Ethiopia's Genzebe Dibaba and Yomif Kejelcha interrupted the
American assault on the podium, taking gold in the men's and women's
3,000 meters before the Portland party shifted into overdrive with
the U.S. closing out the four day meeting with victories in the
women's high jump, men's 1,500 meters and long jump and both 4x400m
The United States finished as the runaway leader at the top of the
medal table with 23, smashing the old mark of 19 while claiming 13
gold, as many as the rest of the world combined.
Ethiopia was a distant second with two gold and five medals. No
other country had more than one gold.
The U.S. record may, however, come with an asterisk, because their
chief rival Russia has been banned from international competition by
the International Association of Athletics Federations (IAAF) after
a World Anti-Doping Agency (WADA) investigation uncovered evidence
of what it termed state sponsored doping.
Ethiopia also arrived at the championships under a doping cloud, the
long distance powerhouse identified by the IAAF as one of five
countries that are in critical care regarding their drug-testing
The final day of competition began with Kejelcha holding off a
hard-charging American Ryan Hill to take the men's 3,000m before
Dibaba, indoor world record-holder in the 1500, mile, 3,000 and
5,000m, made it a clean sweep of the distance gold by leading a
one-two Ethiopian finish in the women's event.
Burundi kept the African roll going with Francine Niyonsaba winning
the women's 800m.
"Doping is not good news for athletes," Dibaba told reporters. "I
think it is altitude and hard training (responsible for success).”
American Matthew Centrowitz, who lives and trains in Portland,
brought a thrilling end to African domination of the distance races
with a victory in the men's 1,500m, taking gold after bronze and
silver at the 2011 and 2013 world outdoor championships.
Vashti Cunningham, the 18-year-old high jumping sensation, also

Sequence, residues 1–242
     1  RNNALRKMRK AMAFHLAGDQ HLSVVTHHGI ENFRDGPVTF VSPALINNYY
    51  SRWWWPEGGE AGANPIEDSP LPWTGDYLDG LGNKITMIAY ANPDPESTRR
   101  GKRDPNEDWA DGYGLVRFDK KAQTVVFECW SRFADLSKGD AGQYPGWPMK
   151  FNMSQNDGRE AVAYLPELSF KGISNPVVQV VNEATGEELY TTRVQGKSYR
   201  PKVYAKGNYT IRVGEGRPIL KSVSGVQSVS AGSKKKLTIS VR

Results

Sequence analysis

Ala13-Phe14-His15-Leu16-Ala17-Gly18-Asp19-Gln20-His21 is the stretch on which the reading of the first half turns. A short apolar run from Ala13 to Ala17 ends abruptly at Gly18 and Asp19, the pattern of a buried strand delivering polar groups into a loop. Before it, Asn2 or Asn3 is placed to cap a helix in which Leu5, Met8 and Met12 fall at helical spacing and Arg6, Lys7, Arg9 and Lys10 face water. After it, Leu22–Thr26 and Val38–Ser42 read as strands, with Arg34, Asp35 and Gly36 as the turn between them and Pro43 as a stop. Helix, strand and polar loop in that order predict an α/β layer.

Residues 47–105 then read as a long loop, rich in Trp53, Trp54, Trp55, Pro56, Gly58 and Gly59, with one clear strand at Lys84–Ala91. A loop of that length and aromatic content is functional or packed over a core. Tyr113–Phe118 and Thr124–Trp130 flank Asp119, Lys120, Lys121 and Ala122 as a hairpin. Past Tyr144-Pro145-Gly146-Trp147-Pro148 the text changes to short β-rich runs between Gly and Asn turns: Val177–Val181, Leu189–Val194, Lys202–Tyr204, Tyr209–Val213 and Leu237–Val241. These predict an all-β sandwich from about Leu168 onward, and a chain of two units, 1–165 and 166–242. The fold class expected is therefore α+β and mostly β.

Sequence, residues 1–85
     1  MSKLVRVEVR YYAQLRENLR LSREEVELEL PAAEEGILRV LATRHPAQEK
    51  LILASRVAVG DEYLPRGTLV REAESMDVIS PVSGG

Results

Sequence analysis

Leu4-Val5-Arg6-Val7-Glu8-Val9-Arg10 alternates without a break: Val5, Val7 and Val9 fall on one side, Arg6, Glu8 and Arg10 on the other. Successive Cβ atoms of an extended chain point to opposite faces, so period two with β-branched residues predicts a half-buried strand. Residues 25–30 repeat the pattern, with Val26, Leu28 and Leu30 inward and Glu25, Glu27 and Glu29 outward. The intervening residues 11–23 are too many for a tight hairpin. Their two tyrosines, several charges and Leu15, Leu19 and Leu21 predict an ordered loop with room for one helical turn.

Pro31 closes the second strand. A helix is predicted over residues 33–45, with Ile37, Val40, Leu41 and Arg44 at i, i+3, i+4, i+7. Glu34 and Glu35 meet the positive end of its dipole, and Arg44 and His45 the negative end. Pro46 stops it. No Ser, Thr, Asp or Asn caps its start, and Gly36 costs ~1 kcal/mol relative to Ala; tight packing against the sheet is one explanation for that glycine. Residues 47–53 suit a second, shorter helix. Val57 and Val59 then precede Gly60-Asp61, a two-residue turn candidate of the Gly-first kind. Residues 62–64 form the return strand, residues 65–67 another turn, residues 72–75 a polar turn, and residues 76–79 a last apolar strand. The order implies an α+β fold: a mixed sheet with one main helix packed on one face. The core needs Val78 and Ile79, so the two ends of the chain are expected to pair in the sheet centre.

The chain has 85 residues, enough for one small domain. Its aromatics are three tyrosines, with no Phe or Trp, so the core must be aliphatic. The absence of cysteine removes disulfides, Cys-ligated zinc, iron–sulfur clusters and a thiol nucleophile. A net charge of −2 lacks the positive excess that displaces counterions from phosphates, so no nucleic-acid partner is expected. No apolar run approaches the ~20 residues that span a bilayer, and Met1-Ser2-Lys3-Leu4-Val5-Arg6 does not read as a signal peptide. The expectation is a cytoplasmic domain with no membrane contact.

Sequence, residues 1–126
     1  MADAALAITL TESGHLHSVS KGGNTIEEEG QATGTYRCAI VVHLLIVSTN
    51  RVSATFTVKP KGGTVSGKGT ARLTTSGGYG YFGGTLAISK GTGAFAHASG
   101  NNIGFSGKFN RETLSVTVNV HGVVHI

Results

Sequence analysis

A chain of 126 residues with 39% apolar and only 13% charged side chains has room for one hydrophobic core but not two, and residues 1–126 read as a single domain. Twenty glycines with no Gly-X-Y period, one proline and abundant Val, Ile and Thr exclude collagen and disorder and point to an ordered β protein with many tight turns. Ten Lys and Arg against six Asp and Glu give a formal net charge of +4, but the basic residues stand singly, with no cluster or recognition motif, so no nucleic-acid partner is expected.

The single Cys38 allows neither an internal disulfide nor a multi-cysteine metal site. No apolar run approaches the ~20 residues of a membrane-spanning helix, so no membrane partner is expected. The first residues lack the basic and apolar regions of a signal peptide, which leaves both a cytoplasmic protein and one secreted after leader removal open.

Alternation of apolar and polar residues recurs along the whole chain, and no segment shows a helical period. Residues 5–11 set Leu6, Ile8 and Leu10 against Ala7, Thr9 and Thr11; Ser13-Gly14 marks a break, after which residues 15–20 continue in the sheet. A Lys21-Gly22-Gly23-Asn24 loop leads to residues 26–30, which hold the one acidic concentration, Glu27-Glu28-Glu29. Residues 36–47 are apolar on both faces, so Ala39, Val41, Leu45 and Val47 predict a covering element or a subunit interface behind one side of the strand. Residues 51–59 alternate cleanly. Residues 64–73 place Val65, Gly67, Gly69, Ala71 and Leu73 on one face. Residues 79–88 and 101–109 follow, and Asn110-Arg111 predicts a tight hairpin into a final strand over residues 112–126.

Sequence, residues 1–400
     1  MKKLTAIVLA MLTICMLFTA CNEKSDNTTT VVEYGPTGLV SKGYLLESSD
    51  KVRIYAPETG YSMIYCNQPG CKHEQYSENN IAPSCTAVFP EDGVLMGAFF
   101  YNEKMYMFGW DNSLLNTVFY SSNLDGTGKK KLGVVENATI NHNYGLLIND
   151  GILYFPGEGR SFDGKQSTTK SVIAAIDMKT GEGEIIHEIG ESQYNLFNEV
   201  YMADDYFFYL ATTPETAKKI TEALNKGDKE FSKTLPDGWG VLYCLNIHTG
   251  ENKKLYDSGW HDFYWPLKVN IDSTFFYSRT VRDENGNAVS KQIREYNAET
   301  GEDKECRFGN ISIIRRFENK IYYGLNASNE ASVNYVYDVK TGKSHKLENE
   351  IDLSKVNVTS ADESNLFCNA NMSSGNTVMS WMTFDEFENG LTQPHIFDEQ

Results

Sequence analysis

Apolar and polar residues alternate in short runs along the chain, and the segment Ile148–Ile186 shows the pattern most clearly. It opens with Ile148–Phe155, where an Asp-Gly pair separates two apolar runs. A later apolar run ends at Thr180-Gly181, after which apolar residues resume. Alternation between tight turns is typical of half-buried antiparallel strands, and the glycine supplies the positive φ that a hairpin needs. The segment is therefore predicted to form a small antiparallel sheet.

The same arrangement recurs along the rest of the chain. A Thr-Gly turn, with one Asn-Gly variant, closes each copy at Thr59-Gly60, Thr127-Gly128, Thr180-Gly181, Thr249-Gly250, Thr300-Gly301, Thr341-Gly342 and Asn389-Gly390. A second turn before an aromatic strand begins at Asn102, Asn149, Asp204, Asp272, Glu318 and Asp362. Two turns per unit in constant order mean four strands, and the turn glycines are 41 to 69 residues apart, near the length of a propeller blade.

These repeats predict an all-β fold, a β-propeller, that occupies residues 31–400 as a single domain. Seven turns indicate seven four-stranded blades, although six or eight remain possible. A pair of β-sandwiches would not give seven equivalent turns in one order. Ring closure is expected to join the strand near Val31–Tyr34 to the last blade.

soared to gold while the U.S. squads stormed to victory in the
[to top of second column]
Jamaica also picked up their first gold on the final day, Omar
McLeod gave the Caribbean sprinting power gold in the men's 60m
With the IAAF promising changes in the wake of doping and corruption
scandals, the indoor championships could have a very different look
when they are staged in Birmingham, England in 2018.
The Portland worlds were held in a modest 7,000 temporary facility
and struggled for attention in the United States where they were
going head-to-head against the hugely popular college basketball
tournament known as March Madness.
The absence of the biggest names in athletics, including Jamaican
sprint king Usain Bolt, did not help while organizers took the
opportunity to try several cosmetic changes to the meet format to
"I think this is the start," said Vin Lananna, president of the
TrackTown USA local organizing committee. "I don't think everything
can happen all at once. I think what we have created is a valuable
show, the entertainment has been really good.
"I think this is the first step in the new president's initiative to
be more innovative to be more accessible and we have certainly
(Editing by Andrew Both)
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